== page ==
Huddersfield born and raised, Galvin spent nine successful years at White Hart Lane from 1978 to 1987 as a flying winger.
The Ireland international was spotted by legendary Spurs gaffer Bill Nicholson while playing part-time for non-league Goole Town, where he’d moved to study Russian at Hull University.
“Growing up I used to go to watch Town play with some of my friends from school,” he told Tottenham’s official website.
“A few of them who went along then are season ticket holders now and they’re all going to the game tomorrow.
“Generally I remember them as a Second Division team and it was very exciting when they got into the First Division in 1970.
“I moved away to university and from then only saw them occasionally but you always follow them because it’s your home team.”
The lunchtime kick-off will be a family affair for Galvin, who earned 29 caps for Ireland.
As well as the many childhood friends dotted among the crowd at the John Smith’s Stadium, he’ll be going with brother Chris who played as a professional with Hull City and has lived in Huddersfield all his life.
The 61 year-old still keeps a close eye on the Terriers’ progress and has revelled in their recent successes.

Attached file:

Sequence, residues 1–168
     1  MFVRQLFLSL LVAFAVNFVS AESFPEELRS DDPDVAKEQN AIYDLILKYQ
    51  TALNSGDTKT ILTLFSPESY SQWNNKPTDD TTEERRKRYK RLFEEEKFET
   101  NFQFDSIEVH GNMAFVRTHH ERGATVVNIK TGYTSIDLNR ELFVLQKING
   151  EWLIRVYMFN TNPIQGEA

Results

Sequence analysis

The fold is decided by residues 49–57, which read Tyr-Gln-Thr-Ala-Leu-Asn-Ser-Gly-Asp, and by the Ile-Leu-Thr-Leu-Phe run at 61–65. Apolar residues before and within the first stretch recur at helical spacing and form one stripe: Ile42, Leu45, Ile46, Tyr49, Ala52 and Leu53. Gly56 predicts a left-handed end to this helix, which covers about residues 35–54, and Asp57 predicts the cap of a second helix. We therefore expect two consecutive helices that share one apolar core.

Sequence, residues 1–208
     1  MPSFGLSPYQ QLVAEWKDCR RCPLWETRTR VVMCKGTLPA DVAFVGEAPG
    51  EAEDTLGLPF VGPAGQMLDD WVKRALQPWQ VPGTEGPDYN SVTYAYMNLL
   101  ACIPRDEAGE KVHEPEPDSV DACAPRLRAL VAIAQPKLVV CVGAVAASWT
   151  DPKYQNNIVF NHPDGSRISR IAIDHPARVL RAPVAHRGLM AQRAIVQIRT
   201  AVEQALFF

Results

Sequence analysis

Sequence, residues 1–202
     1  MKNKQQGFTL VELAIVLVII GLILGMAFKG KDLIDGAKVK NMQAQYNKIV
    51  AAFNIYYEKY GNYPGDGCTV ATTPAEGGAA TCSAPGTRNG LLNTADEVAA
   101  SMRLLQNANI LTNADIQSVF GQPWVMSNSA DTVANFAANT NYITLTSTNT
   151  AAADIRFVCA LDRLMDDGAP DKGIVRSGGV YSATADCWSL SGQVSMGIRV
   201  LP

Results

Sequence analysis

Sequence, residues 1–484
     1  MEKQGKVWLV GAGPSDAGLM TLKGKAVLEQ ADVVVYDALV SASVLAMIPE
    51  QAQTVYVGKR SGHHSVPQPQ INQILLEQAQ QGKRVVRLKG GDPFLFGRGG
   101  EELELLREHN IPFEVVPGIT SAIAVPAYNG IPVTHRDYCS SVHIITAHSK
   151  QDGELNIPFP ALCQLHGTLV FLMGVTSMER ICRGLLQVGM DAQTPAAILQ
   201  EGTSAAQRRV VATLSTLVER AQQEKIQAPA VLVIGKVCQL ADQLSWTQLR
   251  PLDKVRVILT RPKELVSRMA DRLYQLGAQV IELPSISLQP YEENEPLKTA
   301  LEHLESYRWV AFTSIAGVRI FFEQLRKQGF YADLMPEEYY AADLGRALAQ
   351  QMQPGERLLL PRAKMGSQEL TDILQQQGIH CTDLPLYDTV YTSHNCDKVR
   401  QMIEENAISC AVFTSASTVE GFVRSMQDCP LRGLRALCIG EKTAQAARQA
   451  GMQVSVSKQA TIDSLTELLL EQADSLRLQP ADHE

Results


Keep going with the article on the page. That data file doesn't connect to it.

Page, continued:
“The new ground is close to the old Leeds Road and it’s lovely,” Galvin said.
“Every time I’ve been the atmosphere has been great and my friends who go all the time say it was incredible last season.
“As a team they don’t score a lot of goals but defensively they’re fairly tight.
“They work very hard early on in the game and they’ll try to nick and early goal.”
“Aaron Mooy was very consistent last season and has started very well this season as well.”
Galvin is well-placed to judge the significance of this fixture - with a foot in both camps - and it isn’t lost on him.
“I think Spurs will be too strong for Huddersfield on Saturday but for them it’s a learning process,” he said.
“It’s going to be a special occasion for a lot of people and it’ll be a great day for the town, whatever the result.”